Government infrastructure watchdog, the National Infrastructure Commission (NIC), has heavily criticised Britain’s 4G coverage. It says that users are barely able to connect to fast mobile internet half the time, and it’s holding the country back.
The NIC's produced an extensive report, which looks at the state of mobile infrastructure in the UK. It says that the country has 'digital deserts' - places that lack sorely needed 4G coverage. For example, roads, city centres and commuter train routes are all areas that areas that should have 4G, yet many of them still do not.
The report also found that other countries, including the US and Japan have data volumes four to five times higher than here in Blighty. Even smaller countries like Peru and Albania are beating us on 4G coverage.
Chair of the NIC, Andrew Adonis, said: "Britain is 54th in the world for 4G coverage, and the typical user can only access 4G barely half the time. Our 4G network is worse than Romania and Albania, Panama and Peru. Our roads and railways can feel like digital deserts and even our city centres are plagued by not spots where connectivity is impossible."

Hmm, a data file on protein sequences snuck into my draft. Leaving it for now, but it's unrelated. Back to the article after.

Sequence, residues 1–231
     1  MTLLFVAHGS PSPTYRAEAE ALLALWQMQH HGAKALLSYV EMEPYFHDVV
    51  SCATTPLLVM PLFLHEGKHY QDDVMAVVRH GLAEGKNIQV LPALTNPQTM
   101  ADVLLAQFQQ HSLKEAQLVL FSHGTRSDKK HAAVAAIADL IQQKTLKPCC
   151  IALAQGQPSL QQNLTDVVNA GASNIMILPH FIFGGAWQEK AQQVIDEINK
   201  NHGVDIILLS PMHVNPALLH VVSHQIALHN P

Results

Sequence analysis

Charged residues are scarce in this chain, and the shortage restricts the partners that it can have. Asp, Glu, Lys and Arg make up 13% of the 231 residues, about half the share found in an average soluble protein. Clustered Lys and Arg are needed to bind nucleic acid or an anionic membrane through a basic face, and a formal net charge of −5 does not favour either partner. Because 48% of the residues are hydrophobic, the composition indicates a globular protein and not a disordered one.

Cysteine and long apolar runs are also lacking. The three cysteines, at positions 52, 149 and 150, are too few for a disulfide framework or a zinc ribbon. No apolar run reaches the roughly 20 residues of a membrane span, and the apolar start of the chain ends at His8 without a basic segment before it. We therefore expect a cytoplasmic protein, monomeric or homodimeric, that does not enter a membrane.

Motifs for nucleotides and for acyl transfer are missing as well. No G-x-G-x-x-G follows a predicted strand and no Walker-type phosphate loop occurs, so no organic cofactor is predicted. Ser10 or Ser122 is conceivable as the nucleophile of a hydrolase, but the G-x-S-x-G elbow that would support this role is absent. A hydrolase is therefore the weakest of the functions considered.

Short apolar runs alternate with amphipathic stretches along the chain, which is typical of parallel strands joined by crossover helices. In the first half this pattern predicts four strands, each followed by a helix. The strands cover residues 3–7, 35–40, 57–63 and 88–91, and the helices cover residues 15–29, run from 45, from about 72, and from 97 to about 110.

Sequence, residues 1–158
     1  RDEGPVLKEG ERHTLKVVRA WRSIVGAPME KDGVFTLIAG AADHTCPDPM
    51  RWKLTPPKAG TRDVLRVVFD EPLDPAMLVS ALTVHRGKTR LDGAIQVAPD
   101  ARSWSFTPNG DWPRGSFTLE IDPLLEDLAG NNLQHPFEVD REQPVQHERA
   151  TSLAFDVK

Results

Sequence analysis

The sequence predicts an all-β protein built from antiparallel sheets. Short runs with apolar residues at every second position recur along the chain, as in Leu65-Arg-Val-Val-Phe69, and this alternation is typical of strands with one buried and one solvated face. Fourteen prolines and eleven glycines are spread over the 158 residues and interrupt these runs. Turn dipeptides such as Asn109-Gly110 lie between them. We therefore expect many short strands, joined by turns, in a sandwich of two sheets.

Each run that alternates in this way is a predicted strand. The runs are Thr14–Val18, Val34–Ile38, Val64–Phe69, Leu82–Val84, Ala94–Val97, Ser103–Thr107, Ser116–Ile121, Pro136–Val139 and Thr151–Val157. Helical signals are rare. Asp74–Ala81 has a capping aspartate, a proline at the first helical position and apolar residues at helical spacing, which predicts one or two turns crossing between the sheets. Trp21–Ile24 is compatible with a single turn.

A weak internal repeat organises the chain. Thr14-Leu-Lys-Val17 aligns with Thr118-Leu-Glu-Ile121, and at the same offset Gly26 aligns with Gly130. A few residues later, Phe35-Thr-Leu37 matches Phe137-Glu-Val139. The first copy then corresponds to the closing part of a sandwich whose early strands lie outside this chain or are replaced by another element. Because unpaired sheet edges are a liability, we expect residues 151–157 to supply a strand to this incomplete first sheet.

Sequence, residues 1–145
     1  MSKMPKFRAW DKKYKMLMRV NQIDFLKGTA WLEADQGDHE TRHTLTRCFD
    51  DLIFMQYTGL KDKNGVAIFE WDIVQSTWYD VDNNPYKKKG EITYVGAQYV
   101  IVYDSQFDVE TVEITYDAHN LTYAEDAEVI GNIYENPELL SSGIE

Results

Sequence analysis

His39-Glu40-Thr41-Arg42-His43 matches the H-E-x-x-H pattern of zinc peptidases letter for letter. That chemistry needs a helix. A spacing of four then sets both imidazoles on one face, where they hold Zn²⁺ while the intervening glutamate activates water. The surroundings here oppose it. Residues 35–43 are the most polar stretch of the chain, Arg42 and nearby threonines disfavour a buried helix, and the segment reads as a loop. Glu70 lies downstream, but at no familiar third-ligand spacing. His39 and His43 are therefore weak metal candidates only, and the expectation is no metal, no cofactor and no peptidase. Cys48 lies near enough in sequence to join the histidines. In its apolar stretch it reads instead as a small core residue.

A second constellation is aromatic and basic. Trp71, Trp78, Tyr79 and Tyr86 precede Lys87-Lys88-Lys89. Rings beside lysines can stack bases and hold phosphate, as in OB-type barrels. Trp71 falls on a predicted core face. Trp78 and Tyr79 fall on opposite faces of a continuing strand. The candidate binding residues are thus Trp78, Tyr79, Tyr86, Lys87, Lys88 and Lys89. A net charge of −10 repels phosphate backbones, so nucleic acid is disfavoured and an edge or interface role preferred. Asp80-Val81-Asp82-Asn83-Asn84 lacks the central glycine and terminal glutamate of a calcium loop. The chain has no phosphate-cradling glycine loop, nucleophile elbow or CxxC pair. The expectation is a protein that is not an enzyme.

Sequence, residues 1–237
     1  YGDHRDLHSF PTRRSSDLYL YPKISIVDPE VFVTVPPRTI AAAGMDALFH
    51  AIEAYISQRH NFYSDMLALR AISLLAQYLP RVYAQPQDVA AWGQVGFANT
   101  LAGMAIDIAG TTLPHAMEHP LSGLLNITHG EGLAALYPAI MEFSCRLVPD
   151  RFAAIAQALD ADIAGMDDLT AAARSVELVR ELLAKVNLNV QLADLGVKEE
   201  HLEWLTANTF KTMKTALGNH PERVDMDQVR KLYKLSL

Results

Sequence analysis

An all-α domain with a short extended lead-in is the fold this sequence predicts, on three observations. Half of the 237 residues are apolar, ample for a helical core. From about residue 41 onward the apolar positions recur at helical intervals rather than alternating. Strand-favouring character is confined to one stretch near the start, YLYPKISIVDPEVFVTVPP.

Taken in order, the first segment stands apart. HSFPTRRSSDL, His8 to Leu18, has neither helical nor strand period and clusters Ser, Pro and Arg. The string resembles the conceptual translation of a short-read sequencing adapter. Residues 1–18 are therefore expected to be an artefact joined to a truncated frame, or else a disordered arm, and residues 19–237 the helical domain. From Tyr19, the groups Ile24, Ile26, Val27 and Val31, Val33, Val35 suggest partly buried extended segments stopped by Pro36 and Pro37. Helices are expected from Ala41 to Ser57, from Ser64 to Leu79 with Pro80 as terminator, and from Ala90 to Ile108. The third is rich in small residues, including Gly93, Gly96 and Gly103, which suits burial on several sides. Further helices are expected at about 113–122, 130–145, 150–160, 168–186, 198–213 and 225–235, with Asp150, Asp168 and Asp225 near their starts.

"That isn't just frustrating, it is increasingly holding British business back as more and more of our economy requires a connected workforce."
The report details a number of recommendations that the NIC believe can help get mobile broadband in Britain up to speed. It suggests that there should be a dedicated cabinet minister in charge of digital infrastructure in the UK, and that the government and regulators should work together to ensure that a universal service obligation is in place by 2025.
It places a lot of hopes on the next generation of mobile internet - 5G, and wants to ensure it's available across all major transport routers. Adonis said:
"5G is the future - ultra-fast and ultra-reliable, it has the potential to change our lives and our economy in ways we cannot even imagine today. But the UK is currently languishing in the digital slow lane.
"5G offers us a chance to start again and get ahead. If government acts now we can ensure our major transport networks and urban centres are 5G ready in time to give British industry every chance to lead the world in exploiting its applications.
"But none of this will matter unless we bring our mobile network up to speed."
Ian Langley, vice president of wireless technology provider Cobham Wireless, largely agrees: "With our major cities, roads and large parts of rural Britain void of reliable connectivity, it is clear that something must be done to fix the various 'not spots' across the country.
He added: "To solve this problem requires collaboration between legislators, operators and facilities managers to ensure a coherent strategy is put in place to solve the not spot issue once and for all."
Source: The Guardian